You know him from “Ghostbusters” (1984), “Groundhog day” (1993), “Lost in translation” (2003) and all the Wes Andersen movies. Bill Murray is not only a Golden Globe and BAFTA award winner, but also a comedian. He debuted on the “Saturday Night Live” and received an Emmy Award. Three out of his eight brothers and sisters are also actors. During his high school years, he formed a rock band, “Dutch Masters”, in which he was the singer. He was also part of community theater. It was his older brother, Brian Murray, who got him started in comedy and acting by inviting him in an improvisational comedy crew. Without further ado, let’s take a look at 9 things you didn’t know about Bill Murray.
9. He can tear up at his own movies
Ever asked yourself if actors watch their own movies? And if they do watch them, do they laugh and cry along with the crowd? Bill Murray confessed that the first time he watched “St Vincent”, he was happy with the audience’s response: they liked the grumpy veteran and his next door friend. All of a sudden he realized the plot was getting to him too. He said he had tears in his eyes and was really afraid of the lights coming on and being embarrassed.
8. He flirts with the idea of returning to the theater
Once a theater man, always a theater man. Murray said that the only thing he’d like to do that he’s never done before is write a theater play. While shooting for movies is great for his attention span, he feels attracted to the theater and to playing in front of a live audience.
7. His “St. Vincent” performance had elements from his family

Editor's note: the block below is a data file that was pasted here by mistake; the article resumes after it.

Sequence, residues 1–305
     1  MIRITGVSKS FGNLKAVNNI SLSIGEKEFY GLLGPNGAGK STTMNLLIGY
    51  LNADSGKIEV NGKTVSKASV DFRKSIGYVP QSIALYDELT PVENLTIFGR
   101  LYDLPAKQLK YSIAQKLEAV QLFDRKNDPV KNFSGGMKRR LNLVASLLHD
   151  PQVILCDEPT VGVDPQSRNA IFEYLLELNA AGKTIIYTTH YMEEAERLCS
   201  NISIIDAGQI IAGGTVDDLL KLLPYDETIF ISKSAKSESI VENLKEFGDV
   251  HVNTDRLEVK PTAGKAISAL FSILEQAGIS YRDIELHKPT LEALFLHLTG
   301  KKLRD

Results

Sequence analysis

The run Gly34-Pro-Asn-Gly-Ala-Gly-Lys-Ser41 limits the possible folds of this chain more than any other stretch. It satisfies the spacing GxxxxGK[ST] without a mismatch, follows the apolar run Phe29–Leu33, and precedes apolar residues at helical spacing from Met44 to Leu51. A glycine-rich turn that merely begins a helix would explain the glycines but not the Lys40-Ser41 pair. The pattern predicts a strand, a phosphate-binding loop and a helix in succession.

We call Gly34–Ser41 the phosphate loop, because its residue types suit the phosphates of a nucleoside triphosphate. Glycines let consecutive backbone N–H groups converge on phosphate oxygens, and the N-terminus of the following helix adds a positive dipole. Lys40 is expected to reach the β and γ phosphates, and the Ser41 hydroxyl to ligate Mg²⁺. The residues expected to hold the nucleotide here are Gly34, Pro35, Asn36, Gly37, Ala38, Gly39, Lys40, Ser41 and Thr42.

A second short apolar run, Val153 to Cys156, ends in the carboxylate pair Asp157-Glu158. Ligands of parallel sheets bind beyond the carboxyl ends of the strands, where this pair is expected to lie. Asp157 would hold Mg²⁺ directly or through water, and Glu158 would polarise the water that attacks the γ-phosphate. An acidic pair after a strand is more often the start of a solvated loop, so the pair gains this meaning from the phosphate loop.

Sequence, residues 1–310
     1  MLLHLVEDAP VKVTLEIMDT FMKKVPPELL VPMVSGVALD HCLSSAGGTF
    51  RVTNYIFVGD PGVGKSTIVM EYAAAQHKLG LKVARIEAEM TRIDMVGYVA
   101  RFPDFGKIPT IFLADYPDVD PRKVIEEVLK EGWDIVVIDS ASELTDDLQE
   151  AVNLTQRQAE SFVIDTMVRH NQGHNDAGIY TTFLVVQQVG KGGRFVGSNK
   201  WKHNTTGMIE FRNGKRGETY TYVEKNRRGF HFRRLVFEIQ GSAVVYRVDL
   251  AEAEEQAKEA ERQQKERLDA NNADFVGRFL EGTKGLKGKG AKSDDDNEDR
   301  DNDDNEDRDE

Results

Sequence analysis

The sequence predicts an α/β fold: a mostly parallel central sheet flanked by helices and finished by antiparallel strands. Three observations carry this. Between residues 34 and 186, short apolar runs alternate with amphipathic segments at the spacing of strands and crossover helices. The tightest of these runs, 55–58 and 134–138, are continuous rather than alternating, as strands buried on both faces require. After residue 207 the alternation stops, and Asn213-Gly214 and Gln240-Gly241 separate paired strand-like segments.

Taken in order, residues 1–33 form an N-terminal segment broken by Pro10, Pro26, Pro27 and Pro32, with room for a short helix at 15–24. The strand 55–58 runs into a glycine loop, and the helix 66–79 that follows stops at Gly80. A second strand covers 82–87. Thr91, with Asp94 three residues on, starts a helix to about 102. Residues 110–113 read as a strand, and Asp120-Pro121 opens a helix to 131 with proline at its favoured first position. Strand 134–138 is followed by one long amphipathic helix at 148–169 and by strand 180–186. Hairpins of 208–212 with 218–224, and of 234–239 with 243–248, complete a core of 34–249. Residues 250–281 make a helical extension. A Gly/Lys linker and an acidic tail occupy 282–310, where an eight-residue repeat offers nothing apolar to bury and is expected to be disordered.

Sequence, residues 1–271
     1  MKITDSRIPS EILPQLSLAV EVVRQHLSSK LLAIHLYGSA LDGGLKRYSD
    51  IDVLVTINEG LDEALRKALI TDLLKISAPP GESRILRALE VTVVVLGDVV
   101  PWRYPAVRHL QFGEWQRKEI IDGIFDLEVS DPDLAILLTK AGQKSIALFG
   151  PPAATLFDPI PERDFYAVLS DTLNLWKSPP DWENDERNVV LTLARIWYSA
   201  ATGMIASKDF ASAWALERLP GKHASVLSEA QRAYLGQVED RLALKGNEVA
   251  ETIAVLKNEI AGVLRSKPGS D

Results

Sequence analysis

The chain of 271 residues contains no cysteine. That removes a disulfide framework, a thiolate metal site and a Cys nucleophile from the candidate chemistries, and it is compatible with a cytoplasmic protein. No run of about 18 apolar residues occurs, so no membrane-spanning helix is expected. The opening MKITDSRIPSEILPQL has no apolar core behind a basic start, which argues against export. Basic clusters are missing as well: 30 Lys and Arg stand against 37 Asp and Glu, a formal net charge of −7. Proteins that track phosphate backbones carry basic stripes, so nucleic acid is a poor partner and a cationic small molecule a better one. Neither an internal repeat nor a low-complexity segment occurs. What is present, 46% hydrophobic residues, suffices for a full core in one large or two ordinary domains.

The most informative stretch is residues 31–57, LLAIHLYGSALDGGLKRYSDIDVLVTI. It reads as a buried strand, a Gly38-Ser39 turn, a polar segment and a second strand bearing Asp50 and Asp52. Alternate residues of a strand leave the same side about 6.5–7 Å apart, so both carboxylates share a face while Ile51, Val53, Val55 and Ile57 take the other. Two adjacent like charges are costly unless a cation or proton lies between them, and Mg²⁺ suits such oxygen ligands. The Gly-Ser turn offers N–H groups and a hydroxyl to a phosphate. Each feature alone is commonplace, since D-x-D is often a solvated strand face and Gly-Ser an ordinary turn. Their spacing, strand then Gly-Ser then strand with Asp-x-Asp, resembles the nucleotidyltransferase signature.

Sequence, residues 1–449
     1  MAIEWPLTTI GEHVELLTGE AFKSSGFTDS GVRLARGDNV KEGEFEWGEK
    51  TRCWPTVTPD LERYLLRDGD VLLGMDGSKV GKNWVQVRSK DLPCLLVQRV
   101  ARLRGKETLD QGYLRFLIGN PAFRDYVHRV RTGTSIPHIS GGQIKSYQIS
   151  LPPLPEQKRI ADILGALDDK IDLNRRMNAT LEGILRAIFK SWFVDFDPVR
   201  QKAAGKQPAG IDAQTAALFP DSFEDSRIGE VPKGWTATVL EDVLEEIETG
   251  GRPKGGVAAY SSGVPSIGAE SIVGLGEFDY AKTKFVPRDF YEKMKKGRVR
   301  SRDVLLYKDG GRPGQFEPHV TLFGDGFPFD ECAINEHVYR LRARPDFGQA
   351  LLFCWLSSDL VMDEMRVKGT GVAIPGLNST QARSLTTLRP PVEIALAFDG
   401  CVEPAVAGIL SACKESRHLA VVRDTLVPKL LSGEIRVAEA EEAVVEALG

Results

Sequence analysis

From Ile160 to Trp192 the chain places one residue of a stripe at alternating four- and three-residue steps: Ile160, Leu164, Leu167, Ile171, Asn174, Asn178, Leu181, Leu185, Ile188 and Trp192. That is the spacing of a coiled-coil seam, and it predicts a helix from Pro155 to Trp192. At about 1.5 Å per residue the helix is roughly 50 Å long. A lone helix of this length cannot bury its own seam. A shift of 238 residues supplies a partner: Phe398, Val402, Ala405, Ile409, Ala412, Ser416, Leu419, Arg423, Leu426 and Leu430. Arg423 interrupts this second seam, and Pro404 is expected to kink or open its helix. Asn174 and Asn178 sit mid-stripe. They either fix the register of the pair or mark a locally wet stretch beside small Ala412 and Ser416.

He reminisces about his brother and his father. He doesn’t forget about his grandfather who played a major role in his early years and he’ll never forget how he scared children by taking out his lower bridge teeth.
6. He’s not afraid to pedal it out
While he was shooting for “St. Vincent” in New York, Murray returned the producers the money they gave him for a hotel room. He chose to crash at a friend’s place in Williamsburg. He didn’t need a ride either. He would bike for 40 minutes each day to reach the set. Although he always got there sweaty, he was ready to roll.
5. Practice makes perfect
The actor and comedian said he’s improved since his first lead role from 1979 in “Meatballs”. If back then he was a ball of energy, now he can pace himself on the screen so he doesn’t feel wiped out when he finishes his parts.
4. Various on set feuds
A creative, but a difficult actor is how most of his colleagues would describe Murray. He had a big fall out with the director of “Caddyshack” and “Groundhog Day”, Harold Ramis. They reconciled shortly before the director’s death, but their feud baffles their close ones to this day.
3. Handling bad actors
Nothing seems too difficult for Murray. He even has a system to help him with bad actors. If he feels the movie’s not working out, he doesn’t shy away from adjustments and finesse touches. If that fails, he says he tweaks the relationship until it becomes one of a kind.
2. The Razor’s Edge remains a bittersweet memory
Murray pinned “The Razor’s Edge” as one of the things he regrets. The 1984 movie is based on W. Somerset Maugham’s novel with the same title. It was the first dramatic role Murray took on. Set during World War I, in 1917, the shooting took place in London, Paris and India. At the latter destination, all the crew members got food poisoning from the chicken they had eaten. The movie failed to attract the sympathy of the public or the critics, who called “The Razor’s edge” overproduced and painstakingly slow. Murray got very invested in the movie, especially by the Vietnam era people.
1. Melissa McCarthy followed Murray’s footsteps
As Bill Murray’s co-star on “St Vincent”, McCarthy picked up a couple of things from the comedian. She admits to feeling anxious about meeting him, but she didn’t expect Murray to go all out and get her a huge cake. On the last day of filming for “St Vincent”, McCarthy had to catch an early flight, which meant cutting it short on the movie set. So Bill gave her a cake that said they all appreciated her staying so long. Needless to say, Melissa missed her flight and learned to “carpe diem” from then on.